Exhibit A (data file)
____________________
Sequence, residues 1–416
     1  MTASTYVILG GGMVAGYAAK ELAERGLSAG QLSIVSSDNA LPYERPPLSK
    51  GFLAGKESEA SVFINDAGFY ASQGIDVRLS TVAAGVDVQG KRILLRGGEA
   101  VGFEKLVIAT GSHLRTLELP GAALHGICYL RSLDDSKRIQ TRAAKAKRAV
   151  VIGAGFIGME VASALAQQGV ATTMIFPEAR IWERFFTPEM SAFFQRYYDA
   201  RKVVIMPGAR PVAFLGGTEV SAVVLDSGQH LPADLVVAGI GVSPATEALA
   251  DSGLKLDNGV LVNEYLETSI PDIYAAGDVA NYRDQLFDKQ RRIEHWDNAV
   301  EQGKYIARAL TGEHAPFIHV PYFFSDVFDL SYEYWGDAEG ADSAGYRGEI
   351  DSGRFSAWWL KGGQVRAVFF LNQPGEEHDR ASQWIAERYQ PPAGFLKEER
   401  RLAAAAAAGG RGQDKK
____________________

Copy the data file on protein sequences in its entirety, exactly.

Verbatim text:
Sequence, residues 1–416
     1  MTASTYVILG GGMVAGYAAK ELAERGLSAG QLSIVSSDNA LPYERPPLSK
    51  GFLAGKESEA SVFINDAGFY ASQGIDVRLS TVAAGVDVQG KRILLRGGEA
   101  VGFEKLVIAT GSHLRTLELP GAALHGICYL RSLDDSKRIQ TRAAKAKRAV
   151  VIGAGFIGME VASALAQQGV ATTMIFPEAR IWERFFTPEM SAFFQRYYDA
   201  RKVVIMPGAR PVAFLGGTEV SAVVLDSGQH LPADLVVAGI GVSPATEALA
   251  DSGLKLDNGV LVNEYLETSI PDIYAAGDVA NYRDQLFDKQ RRIEHWDNAV
   301  EQGKYIARAL TGEHAPFIHV PYFFSDVFDL SYEYWGDAEG ADSAGYRGEI
   351  DSGRFSAWWL KGGQVRAVFF LNQPGEEHDR ASQWIAERYQ PPAGFLKEER
   401  RLAAAAAAGG RGQDKK